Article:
Today the Senate rejected two bills today that would benefit the nation’s biggest polluters at the costs of tens of thousands of American lives. Both of these bills, offered by Senators Rand Paul (R-KY) and John McCain (R-AZ), were written to excuse the nation’s biggest polluters of responsibility for their harmful pollution.
The Congressional Review Act repeal of the finalized Cross-State Air Pollution standard by Sen. Rand Paul (R-KY) would have exposed more than 240 million Americans to harmful and lethal air pollution and would have caused 13,000 to 34,000 deaths each year.
The McCain bill took numerous wrongheaded and dangerous ideas from the House’s pro-polluter agenda and folded them into one especially extreme bill that exposes American communities and families to harm, promotes the dirtiest forms of energy, gifts the worst polluters with reprieve from accountability, denies modern science, and moves this country backward instead of forward.
The following is a statement by Earthjustice legislative associate Stephanie Maddin:
“Communities and families across America are safer and stronger as a result of these two victories for clean air and common sense in our Senate today.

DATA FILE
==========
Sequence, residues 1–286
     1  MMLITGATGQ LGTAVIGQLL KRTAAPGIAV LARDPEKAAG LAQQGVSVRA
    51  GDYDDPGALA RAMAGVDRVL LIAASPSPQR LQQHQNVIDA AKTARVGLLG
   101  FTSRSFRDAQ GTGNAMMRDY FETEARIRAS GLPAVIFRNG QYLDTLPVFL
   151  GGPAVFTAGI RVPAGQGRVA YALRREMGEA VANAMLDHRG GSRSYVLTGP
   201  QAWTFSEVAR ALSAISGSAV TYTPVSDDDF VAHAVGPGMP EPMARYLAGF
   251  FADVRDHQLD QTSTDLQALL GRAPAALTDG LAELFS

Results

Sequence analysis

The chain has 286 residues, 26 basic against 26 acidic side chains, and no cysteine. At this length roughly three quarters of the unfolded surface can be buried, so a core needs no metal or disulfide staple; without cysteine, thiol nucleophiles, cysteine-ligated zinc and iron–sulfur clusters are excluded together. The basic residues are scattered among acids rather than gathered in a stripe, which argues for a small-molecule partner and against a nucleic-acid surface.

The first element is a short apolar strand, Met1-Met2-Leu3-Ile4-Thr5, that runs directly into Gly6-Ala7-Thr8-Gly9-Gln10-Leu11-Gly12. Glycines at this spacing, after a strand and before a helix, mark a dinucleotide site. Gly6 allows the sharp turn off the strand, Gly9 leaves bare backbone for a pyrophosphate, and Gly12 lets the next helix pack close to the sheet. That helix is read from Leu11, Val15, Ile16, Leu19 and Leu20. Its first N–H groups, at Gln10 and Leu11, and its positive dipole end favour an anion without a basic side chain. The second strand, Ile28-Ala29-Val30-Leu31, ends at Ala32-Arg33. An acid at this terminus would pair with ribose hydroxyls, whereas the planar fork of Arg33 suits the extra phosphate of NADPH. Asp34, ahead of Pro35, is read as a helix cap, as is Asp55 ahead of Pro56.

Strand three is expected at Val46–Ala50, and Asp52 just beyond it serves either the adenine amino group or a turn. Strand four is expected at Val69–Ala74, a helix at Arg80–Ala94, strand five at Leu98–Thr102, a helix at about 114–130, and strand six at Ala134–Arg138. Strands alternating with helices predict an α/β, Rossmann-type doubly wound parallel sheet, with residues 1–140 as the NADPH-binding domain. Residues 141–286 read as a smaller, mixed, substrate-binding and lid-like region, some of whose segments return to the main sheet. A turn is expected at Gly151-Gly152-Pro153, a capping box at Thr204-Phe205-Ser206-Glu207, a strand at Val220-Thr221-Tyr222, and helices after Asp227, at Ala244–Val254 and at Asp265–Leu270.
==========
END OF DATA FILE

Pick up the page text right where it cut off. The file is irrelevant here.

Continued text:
“We are relieved that the Senate recognizes that safe communities and clean air are not partisan issues. We all need to breathe clean air, and we are glad that our leaders in the Senate today voted to protect Americans instead of sacrifice them for selfish political interests.
“Sen. Paul’s resolution would have blocked limits on the toxic air pollution that moves across state boundaries. Preventing one state from dumping its toxic air pollution on its neighboring states is common sense, and protecting citizens from suffering the health impacts, even deaths, due to the air pollution of another state is only fair.
“Senators Paul’s and McCain’s bills are extreme and overreaching handouts to powerful political interests and polluting industries, at the expense of families and communities in this country. These are the type of bad and dangerous ideas that the House of Representatives is advancing daily, but to see common sense and decency prevail in the Senate is a reassurance that some of our nation’s leaders are still looking out for the American people.
“These toxic and harmful gifts to the worst polluters don’t create jobs; they kill and hurt a lot of Americans. The Senate is right to put our children’s health ahead of the narrow selfish interest of big polluters, and it should continue to do so.”